Saturday, September 22, 2012

Extreme Makeover: Dresser Edition

Easily his best picture.

Ever since we lost our dream house, I've had the insatiable desire to change things around our rented abode. Apparently, my designer brain was so focused on the idea of a blank slate, I found myself anxiously pacing around our house with creative energy bubbling up inside...and no outlet to relieve me.  Something had to be done.  I had to relieve myself.

I'm pausing so you can appreciate the wording of that sentence.

I'd had an idea for a dresser treatment that I'd seen that soon developed into a small obsession for me.  I'd told Husbo about it no less than 15 times over the past month and for some reason, my brain did not connect the fact that I had both a dresser that was begging for a makeover AND creative energy for days.  One afternoon, while visiting the new West Elm store in Durham, I saw a dresser there that was at least a 2nd cousin to the dresser I'd been dreaming of.   I promptly showed Husbo (as if the first 15 times weren't enough) the idea that I was so enamored with and that genius of a man removed the stupid veil over my brain to suggest that perhaps we could just refinish our existing dresser.

He'd never been sexier to me than in that very moment.

Due to my complete lack of impatience, we had to get started immediately.  Enter: the black blob.

We've had a good run, old friend.

It's not horrible.  In fact, for many years, I loved it.  I got the dresser from my old Hroomate (not a typo), Bryna.  When she decided to get married and move to Japan, she decided not to pay the shipping required to bring this baby with her. Go figure.  When she was using it, it was a cool shade of avocado green (she'd gotten it second hand and gave it her own facelift).  When I inherited it, I went goth on it...and she got a fresh coat of black paint.  

Any good before picture has extra crap laying around.  You gotta get the full effect.

I lived with it like this for a good 4 years but as other things in our bedroom began to evolve, she was slowly becoming the odd woman out.   The mirror that sat on top was a Homegoods find from around the same era.  While the idea of it was pretty cool (the "shutters" close to create a faux window look), it was much too ornate for my increasingly simple taste.  Through the magic of Craigslist, I sold that heavy beast for 80 bones.  80 bones that would not only cover the cost of renovation, but leave me a little extra for new accessories.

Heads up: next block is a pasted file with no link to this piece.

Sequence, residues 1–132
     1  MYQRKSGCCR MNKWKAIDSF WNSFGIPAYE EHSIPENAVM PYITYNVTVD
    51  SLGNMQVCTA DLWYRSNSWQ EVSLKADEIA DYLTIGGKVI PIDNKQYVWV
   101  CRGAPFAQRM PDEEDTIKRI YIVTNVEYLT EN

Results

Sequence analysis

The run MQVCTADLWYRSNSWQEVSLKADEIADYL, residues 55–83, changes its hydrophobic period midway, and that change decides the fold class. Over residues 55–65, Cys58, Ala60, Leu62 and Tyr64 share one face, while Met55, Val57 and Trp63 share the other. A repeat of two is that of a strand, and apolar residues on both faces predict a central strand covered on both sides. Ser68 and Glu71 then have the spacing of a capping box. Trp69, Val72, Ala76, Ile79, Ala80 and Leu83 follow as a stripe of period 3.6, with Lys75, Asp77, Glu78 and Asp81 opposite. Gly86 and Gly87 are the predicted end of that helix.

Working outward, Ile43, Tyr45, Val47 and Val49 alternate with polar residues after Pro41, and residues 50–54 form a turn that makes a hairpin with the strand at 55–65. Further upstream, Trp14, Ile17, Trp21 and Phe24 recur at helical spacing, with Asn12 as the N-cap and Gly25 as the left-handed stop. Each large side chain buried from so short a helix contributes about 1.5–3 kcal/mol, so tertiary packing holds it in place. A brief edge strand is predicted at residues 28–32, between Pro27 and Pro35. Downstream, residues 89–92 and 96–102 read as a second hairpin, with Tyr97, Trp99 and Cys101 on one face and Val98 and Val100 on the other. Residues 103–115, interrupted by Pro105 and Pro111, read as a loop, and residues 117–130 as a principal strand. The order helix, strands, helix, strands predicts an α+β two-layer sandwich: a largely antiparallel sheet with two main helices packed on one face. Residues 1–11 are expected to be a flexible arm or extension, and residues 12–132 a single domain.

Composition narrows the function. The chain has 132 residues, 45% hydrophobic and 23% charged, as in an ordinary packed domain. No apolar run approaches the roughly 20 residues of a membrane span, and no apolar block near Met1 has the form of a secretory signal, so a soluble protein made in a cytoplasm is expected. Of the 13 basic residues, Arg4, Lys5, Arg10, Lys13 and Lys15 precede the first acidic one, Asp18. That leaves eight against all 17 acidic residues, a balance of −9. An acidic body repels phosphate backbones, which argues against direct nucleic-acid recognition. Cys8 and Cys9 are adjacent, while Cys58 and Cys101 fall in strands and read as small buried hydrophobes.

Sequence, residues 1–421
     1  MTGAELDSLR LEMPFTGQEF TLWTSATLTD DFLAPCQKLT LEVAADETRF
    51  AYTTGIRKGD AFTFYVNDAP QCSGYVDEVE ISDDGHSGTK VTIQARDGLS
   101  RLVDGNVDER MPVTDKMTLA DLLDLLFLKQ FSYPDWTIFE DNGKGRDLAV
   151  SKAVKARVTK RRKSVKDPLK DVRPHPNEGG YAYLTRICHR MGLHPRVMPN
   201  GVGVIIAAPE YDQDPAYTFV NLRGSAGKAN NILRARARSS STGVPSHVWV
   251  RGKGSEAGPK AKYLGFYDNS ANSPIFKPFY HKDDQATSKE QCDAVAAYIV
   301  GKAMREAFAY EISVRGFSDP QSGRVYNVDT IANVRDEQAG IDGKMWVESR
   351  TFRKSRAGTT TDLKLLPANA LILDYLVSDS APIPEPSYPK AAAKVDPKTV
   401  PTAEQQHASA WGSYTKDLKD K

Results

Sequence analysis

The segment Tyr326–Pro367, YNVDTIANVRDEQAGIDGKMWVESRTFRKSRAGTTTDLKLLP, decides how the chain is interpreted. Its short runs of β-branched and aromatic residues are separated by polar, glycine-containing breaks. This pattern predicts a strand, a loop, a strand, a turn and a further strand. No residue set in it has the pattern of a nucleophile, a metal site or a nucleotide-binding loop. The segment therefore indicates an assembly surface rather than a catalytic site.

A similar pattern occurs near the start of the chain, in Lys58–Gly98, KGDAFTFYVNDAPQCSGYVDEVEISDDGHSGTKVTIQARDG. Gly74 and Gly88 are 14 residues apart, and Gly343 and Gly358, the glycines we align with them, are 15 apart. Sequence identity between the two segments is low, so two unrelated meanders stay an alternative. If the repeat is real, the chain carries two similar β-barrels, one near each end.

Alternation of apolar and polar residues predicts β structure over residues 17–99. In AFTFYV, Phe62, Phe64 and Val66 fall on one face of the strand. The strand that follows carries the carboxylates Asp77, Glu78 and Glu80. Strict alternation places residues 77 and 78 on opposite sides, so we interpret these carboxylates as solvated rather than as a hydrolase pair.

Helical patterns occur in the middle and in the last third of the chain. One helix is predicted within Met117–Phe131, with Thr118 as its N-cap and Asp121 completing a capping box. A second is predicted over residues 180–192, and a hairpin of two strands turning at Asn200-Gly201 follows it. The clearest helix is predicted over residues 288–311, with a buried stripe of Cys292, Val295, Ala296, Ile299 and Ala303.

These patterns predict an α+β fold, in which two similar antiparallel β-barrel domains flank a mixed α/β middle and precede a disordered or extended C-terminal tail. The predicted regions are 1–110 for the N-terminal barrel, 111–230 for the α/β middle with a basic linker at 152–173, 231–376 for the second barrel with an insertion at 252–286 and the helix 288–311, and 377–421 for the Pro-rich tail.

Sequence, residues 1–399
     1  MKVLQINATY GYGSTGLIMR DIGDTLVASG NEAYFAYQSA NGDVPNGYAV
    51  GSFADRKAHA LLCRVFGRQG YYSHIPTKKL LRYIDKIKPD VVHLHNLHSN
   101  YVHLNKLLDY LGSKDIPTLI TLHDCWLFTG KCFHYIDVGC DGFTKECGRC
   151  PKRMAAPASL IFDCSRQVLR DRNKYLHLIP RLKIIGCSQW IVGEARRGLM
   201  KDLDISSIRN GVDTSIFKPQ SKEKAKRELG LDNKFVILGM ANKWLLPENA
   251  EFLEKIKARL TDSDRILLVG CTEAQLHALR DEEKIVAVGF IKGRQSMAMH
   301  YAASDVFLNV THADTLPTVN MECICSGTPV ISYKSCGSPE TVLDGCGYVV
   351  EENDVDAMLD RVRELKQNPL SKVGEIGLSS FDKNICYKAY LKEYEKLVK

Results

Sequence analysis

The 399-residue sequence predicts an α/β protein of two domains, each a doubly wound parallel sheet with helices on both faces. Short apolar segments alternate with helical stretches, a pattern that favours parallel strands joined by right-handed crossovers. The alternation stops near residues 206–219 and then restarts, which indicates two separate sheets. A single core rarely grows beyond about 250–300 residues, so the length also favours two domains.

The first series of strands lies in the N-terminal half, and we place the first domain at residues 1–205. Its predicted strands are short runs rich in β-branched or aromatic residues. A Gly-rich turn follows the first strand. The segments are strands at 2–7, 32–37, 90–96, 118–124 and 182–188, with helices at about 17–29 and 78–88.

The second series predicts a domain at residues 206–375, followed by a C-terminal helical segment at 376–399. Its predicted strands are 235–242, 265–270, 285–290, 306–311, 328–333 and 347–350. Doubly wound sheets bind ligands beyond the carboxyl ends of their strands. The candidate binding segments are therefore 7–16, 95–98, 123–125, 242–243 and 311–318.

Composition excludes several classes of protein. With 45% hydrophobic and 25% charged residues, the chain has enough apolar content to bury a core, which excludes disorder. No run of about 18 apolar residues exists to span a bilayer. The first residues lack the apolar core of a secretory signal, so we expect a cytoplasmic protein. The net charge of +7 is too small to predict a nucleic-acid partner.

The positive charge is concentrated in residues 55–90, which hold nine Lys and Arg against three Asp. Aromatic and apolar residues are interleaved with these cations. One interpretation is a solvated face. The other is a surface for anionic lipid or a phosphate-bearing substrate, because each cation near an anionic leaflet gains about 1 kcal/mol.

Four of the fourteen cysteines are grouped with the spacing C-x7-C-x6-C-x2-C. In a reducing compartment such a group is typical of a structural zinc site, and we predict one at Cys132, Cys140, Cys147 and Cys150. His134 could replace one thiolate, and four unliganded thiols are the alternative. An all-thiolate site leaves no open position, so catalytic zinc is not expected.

So first, we removed all the hardware.

A woman without her jewelry.

Then, we borrowed some paint stripper from the original Handyman, my father-in-law.  Husbo brushed it on all of the drawer fronts, and we scraped.  We scraped a lot.  Apparently there were four coats of paint on those bad boys.  (Sidenote/warning: that stripper stuff is rather caustic.  We both wore gloves and made sure to protect all the surfaces around where we were working.)

Not gonna lie: this was a pretty nasty step.

 After a bulk of the paint was stripped, Husbo took on the task of sanding down the faces to a smooth finish.  With a palm sander, he used a rough grit sandpaper to knock off any other paint that was hanging on for dear life, and then went back over each of them with a fine grit paper to get a beautiful, smooth surface.

Ahh!  We're naked!

I gave a couple of the drawers a patching with a bit of stainable wood filler (b/c this piece is so old and had been banged up in some places.)  Once that was dried and sanded smooth, it was time to stain.

We picked a stain color that most closely matched our bed frame.  Might as well make it look intentional, right?  We used a minwax product that had a polyurethane sealer built in.  I try to be patient with things like this, but if I can cut out a step by buying a 2 for 1 product, I'm doing it.

After two thin coats, brushed on in the direction of the grain, we brought them into the guest room and let them cure for a couple days.  

I'm embarrassed to admit how many times I'd peek my head in to drool over them. 

So what about the body of the dresser?  Well luckily, we never had the intention of stripping/standing/staining that piece.  After the very long process of treating the flat, simple drawer fronts, we couldn't fathom how long and complicated doing that to the dresser would be.  Instead, it was going to get yet ANOTHER coat of paint.  

After a rough sand and wipe down, we started with an oil-based primer to give it some tooth.  (Note: you cannot paint acrylic paint over oil-based paint but you CAN paint it over oil-based primer.)

Sexy socks and shoes, honey.

While he did that, it had been a couple days, so I was going to finish off the drawers and prep the space for moving the piece back in.  I put the hardware back on (we bought a couple more knobs to replace the original handles that were on the center drawers) and then added a liner to the top row.  I'd had a yard of wallcovering from work that I'd wanted to do something with and thought it might be fun to line the insides of the drawers with it.

Here I am weighing the corners down to help the glue set up.   Tre chic.